The Light Induced Fluorescence Endoscopy (LIFE) system (Xillix Technologies, Richmond, British Columbia, Canada) was the first endoscopy system that enabled autofluorescent imaging as a broad field technique. This system consisted of a camera mounted on the ocular portion of a fiberoptic endoscope. Switching between the white light mode and the autofluorescence mode was possible by using the switch on the camera. After excitation with blue light, the emitted red and green autofluorescent light passed from 2 charge coupled devices in the camera to the image processor. Based on the ratio of red to green autofluorescence, the image processor produced a real-time endoscopic image on a monitor using pseudocolors. Concurrently with LIFE, another comparable system from another manufacturer was also available (Storz, Tuttlingen, Germany).

The major problem with these systems was the use of fiberoptic endoscopy, which had a much lower resolution than the current video endoscopy systems. A new AFI system (Olympus, Tokyo, Japan) was therefore developed, consisting of a sequential red, green, and blue light source and a high-resolution video endoscope. Changing between the high-resolution white light mode and the AFI mode was made easy by pushing a control button on the endoscope. After excitation with blue light, a real-time AFI image was produced based on 3 light features: total emitted autofluorescence, green reflectance (540–560 nm), and red reflectance (600–620 nm). This was a more extended algorithm than LIFE, which only used the ratio of red to green autofluorescence.

Finally, the endoscopic trimodal imaging (ETMI) system (Olympus, Tokyo, Japan) was developed, which is currently commercially available in Asia and the United Kingdom. ETMI is comparable with the AFI system but has additional features when using the high-resolution white light mode, during which NBI and optical zoom (magnification up to ×100) are possible. Most importantly, the algorithm of the autofluorescence mode was changed. The autofluorescence image is composed of 2 instead of 3 light features: total emitted autofluorescence and green reflectance (540–560 nm). Similar to the other systems, these light features are displayed as pseudocolors on the real-time endoscopic image on the monitor. In the case of ETMI, normal Barrett’s mucosa appears green, and (an area suspicious for) neoplasia is displayed as purple ( Fig. 1 ).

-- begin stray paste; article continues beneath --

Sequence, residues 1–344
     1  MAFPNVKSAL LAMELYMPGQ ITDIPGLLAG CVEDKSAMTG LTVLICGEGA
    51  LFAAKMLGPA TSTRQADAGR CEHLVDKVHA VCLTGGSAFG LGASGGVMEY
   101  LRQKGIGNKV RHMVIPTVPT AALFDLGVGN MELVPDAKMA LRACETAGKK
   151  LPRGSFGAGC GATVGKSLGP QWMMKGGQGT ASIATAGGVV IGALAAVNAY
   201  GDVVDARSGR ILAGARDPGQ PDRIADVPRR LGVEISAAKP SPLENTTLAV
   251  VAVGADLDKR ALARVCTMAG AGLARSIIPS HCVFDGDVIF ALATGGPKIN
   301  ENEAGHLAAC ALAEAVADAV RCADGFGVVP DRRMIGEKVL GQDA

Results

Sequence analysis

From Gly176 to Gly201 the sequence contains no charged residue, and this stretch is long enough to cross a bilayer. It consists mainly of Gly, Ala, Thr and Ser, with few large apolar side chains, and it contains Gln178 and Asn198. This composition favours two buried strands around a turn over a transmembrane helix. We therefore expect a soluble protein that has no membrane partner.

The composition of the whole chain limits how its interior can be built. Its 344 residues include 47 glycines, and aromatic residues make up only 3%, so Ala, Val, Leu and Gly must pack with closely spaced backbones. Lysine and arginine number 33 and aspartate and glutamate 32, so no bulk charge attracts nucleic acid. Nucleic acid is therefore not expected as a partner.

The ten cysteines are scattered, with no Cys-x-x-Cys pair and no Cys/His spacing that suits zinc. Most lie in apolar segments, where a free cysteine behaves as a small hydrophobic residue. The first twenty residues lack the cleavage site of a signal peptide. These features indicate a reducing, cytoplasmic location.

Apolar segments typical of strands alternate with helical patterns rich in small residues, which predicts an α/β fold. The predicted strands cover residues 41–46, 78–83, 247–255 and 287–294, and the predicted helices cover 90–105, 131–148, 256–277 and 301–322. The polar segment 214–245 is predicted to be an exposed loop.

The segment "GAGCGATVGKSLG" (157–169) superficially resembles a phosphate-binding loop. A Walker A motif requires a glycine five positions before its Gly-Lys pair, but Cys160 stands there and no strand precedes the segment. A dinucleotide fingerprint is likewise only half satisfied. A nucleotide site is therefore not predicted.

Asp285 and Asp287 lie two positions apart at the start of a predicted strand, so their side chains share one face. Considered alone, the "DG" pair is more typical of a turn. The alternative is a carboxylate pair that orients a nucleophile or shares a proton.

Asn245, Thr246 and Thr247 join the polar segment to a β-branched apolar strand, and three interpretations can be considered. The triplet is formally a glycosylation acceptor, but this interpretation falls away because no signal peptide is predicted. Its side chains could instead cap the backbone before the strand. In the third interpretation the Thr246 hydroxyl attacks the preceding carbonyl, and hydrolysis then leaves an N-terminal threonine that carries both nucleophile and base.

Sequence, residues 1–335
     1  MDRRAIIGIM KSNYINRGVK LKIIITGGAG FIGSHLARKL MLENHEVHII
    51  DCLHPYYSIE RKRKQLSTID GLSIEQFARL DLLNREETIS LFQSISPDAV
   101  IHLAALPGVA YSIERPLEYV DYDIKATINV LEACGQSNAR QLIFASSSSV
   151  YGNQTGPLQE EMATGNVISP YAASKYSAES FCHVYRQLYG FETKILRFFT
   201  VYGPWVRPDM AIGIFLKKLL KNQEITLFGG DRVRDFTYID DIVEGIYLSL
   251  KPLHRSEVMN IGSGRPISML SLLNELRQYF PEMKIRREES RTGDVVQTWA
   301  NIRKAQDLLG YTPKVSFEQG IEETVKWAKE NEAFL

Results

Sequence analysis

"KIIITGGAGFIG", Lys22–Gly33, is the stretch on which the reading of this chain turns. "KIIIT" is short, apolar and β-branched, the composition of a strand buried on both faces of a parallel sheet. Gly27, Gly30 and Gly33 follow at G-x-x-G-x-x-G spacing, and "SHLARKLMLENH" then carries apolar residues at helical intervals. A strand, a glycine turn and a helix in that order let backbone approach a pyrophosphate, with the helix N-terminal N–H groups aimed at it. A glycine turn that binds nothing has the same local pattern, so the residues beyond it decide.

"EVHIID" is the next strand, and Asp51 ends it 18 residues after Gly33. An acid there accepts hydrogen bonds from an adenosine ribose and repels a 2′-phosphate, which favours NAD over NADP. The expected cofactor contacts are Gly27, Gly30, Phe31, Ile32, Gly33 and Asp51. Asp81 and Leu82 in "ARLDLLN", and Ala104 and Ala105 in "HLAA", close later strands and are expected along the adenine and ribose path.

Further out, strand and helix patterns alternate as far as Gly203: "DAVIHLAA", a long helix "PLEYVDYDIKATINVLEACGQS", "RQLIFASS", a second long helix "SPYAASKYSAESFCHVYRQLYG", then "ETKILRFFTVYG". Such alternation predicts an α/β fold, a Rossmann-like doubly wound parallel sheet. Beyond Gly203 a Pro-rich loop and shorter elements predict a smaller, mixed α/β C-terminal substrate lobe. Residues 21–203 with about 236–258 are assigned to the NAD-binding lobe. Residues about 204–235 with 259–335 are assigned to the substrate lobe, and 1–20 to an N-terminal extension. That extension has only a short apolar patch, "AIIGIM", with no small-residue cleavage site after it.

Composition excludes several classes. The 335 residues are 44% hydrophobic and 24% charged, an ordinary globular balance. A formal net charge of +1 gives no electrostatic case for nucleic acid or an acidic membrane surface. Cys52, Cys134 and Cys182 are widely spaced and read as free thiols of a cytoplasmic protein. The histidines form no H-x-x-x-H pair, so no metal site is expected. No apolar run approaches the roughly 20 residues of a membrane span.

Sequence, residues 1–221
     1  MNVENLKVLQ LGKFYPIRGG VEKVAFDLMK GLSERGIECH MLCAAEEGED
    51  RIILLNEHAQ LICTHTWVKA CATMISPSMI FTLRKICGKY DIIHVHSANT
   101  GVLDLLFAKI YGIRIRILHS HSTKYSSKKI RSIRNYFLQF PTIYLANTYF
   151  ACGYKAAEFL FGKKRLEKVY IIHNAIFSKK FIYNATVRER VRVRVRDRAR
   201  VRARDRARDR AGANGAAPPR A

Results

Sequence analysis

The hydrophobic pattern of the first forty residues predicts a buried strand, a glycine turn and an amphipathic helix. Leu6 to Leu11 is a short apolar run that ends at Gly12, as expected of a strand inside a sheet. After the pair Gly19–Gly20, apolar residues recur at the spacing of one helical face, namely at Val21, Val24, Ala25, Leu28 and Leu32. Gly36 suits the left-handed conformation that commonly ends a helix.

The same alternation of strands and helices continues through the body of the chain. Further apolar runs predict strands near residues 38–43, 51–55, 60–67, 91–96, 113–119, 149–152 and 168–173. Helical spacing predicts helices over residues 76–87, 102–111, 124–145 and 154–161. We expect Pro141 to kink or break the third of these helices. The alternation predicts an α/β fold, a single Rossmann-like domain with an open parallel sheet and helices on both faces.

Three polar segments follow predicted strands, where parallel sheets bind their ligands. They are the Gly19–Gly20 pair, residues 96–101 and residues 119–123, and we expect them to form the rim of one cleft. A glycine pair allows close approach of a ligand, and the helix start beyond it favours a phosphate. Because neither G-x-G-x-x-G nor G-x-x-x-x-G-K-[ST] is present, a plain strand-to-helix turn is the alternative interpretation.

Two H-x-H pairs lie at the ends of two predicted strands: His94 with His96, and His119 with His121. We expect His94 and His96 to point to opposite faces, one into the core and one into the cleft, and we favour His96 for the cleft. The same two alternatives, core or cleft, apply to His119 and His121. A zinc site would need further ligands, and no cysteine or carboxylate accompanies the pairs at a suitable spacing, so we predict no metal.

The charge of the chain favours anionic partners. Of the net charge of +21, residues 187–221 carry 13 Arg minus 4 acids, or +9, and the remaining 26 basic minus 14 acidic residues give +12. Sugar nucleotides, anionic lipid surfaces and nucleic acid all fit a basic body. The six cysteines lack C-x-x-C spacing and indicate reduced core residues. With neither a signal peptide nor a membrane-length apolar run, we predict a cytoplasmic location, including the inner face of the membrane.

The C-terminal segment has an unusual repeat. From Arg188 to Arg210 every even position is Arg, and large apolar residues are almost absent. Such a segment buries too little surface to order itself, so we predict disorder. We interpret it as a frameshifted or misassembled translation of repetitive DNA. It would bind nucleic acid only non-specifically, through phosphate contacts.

Fig. 1

Autofluorescence image of a Barrett’s esophagus with corresponding high-resolution white light image. Neoplastic Barrett’s mucosa ( A , B ) appears purple at the 3-o’clock position with autofluorescence ( B ).

Clinical Application

Detection of neoplasia in Barrett’s mucosa

The first studies with the autofluorescence systems using fiberoptic endoscopy (the LIFE system) reported a higher detection rate of HGIN/EN with autofluorescence. Further evaluation with randomized crossover studies comparing white light video endoscopy with autofluorescence using the LIFE system showed, however, that autofluorescence did not increase the number of patients detected with HGIN/EN. Possible explanations for the lack of increased detection were the poor image quality of the fiberoptic endoscopy and the algorithm that did not take distorting effects into account.

Both problems were overcome when autofluorescence was translated to video endoscopy (AFI and ETMI), which had high-resolution endoscopy and a new algorithm. Feasibility studies with AFI and ETMI showed that after inspection with high-resolution white light, inspection with autofluorescence resulted in additional detection of lesions and patients with HGIN/EN. The targeted detection of patients with HGIN/EN increased from 43% to 65% after inspection with high-resolution white light and up to 90% to 100% after additional inspection with autofluorescence. The major drawback of autofluorescence was the high false-positive rate, as 40% to 81% of the lesions detected with autofluorescence did not contain HGIN/EN.